Undefeated On Day One Again, Knocked Out Of The Top Spot Again – Grand Prix: LA Report

I wouldn’t advise playing Weird Harvest in every deck… But when you luck out and get the strongest sealed you’ve ever seen with Rorix, Butcher Orgg, Starstorm, AND Slice And Dice, you know your critters will be better than theirs. And let me tell you how the Top 8 Draft would have been entirely different IF one of the players had known how to play Magic…

Phew! What a weekend. Well, at least I have a lot to write about, and actually feel like writing despite the fact that it’s 12:30 a.m. and I really didn’t get enough sleep this weekend to warrant my staying up. But hey, I was on a plane for most of the day (and lost three hours because of the time zone change), so I figured I might as well actually get something done.

So where do I begin?

My flight to LA was early Friday morning, and I arrived around 11:30 or so, and was picked up at the airport by my good friends Brett and Alan Tarr and Alan’s friend Con. The weather in LA is so beautiful that it just reminds me how much I hate the awful weather we have here in Pittsburgh, as I’m sweating my ass off in sweat pants and long sleeves. Anyway, we head back to Brett’s college, USC, and go get something to eat and play some games with random Sealed decks that I bought and built on the plane. Mine is far better than Brett’s, but he still wins a game here and there, and eventually we decide to head down to the site.

As soon as we get there I hear Antonio DeRosa yelling Eisel will draft, Eisel will draft – and sure enough, a money draft starts ten minutes after we’ve arrived. It’s me, Alan, and Brett against BenS, Antonio, and Ken Krouner. Alan somehow 3-0’s with a White/Green pile that sports two Catapult Squads and three Daru Cavaliers and not much else, and I 2-1 with a WB deck with Jareth and splashing Lightning Rift.

We hang out and watch some other drafts for a bit before drafting again against Terry Tsang, Bob Maher, and Jeff Fung. My deck this time is an aggro white blue with lots of fliers, but nothing really great except the Glarecaster that never did anything. This draft is a hose, as I either mulligan to five and/or get mana and colorscrewed every game, as my deck obviously hates my guts. Jeff Fung 3-0s us despite not using the abilities on his Skirk Commando and Silklash Spider, along with other randomness. So we hang out for a bit and it’s getting kinda late so we get something to eat and head back to the dorm for some sleep.

I’m awakened by Brett’s cell phone alarm at 7 a.m., and my neck hurts like hell from sleeping on the rock hard floor. Regardless, I get up and get a shower. Now, for some reason, some idiots at USC decided to open all the windows in the bathroom and it is freezing cold in the showers, causing my teeth to chatter even while showering in the hottest water the shower could produce. Anyway, we get ready and head to the tournament and arrive early enough to do some chatting and whatnot.

The deck I open and register is a monster pile, with four Words – none of which are red. Two Black Words, and a Blue and Green, and the fifth rare is Unholy Grotto or something awful like that. Anyway, the rest of the deck isn’t good either, with the best colors being green and white which is obviously not a good thing. NeilR is sitting right next to me, so we’re chatting most of the time anyway which takes away the boring feeling you always get when registering sealed decks. Anyway, I take a bathroom break and come back and we finally get the decks back that we’ll be playing.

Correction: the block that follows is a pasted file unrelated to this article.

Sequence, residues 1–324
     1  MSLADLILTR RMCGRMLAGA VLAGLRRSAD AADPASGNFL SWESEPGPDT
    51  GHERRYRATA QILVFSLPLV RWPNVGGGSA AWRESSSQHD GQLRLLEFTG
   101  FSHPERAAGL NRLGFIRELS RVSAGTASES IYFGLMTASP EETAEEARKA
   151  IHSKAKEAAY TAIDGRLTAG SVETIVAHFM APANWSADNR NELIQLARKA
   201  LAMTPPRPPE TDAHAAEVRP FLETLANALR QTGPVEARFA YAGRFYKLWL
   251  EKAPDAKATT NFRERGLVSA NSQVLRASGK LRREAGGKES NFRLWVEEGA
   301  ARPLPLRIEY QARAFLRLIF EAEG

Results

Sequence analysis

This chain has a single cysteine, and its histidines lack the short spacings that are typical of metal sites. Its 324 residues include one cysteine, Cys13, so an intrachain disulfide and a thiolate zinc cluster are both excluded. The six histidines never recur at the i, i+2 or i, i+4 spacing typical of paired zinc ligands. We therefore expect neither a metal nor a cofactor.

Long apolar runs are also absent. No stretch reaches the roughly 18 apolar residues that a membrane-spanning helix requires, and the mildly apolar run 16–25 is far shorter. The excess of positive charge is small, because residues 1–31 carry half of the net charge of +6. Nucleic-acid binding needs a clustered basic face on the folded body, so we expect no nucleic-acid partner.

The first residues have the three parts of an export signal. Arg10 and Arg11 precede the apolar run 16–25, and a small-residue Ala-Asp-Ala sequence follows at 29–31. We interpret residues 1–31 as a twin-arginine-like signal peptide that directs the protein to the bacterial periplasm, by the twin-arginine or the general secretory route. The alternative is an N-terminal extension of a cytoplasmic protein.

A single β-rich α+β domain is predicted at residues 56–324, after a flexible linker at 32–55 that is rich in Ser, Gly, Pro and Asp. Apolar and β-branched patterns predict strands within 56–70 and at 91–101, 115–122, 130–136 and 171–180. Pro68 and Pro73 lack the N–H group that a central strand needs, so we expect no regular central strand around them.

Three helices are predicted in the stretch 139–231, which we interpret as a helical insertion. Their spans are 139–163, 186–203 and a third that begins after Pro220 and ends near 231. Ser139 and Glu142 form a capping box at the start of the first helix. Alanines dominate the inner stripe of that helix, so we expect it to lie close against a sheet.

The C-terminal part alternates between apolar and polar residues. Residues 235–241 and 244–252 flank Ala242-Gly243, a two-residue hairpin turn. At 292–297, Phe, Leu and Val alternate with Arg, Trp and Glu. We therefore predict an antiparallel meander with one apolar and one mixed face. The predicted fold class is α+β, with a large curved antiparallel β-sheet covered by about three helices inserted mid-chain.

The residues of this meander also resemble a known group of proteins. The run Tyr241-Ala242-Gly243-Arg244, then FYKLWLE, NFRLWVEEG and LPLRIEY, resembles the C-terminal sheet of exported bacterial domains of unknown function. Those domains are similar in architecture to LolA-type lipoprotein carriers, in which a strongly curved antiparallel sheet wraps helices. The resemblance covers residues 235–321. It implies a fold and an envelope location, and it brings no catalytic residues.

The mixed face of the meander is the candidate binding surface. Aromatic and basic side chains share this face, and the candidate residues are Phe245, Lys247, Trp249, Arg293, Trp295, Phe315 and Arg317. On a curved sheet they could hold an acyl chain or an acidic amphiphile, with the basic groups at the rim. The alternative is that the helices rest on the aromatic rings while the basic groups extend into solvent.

Now, for some reason they allow us to look at the decklist and put our name on it, but not to take the cards out of the box – which really makes no sense as you’re basically looking at the cards anyway if you’re looking at the list. So I take a quick glance and see two Sparksmiths before me and Neil start chatting again, and I really don’t look too closely at the list. Josh Bennett comes over and asks Neil and I how our decks are, to which Neil replies”awful” – and I say”decent,” since I’ve seen the two Smiths but not really analyzed the deck yet.

Then they tell us to begin deck construction… And then my eyes practically jump out of their sockets.

I’m flicking through the deck and see Rorix, Starstorm, Slice and Dice, and Butcher Orgg. Add to this one of each common red removal and two Sparksmiths, and you have a recipe for ridiculous. The second color wasn’t as obvious, and there were actually a few crucial decisions in building the deck that I think I should explain to those who just saw the list.

First, I would not have been 8-0 without the Weird Harvest in the deck. It won every game I cast it except one, and was certainly one of the most important cards in the deck. Not that I’ve ever ran the card before, but it definitely had a place in this deck – and I don’t think many people would have played it. Second, Green was clearly the strongest color to go with the red, with good fatties to survive my two Wrath effects, as well as a Wirewood Savage to fill out the manacurve. The Fallen Cleric made the cut because it was the best morph creature for the Erratic Explosion, and also could be flipped up late game with Birchlore Rangers. Everything else is pretty much explanatory, I think; I didn’t splash the Armor because I wanted a more consistent manabase and figured I’d be cycling it most of the time anyway which isn’t what I wanted. I must say, though, that this is the best sealed deck I’ve ever had by a longshot. I’m not gonna provide lists here, since they’re on The Sideboard, so check them out if you feel like it.

Rounds 1 – 3 BYE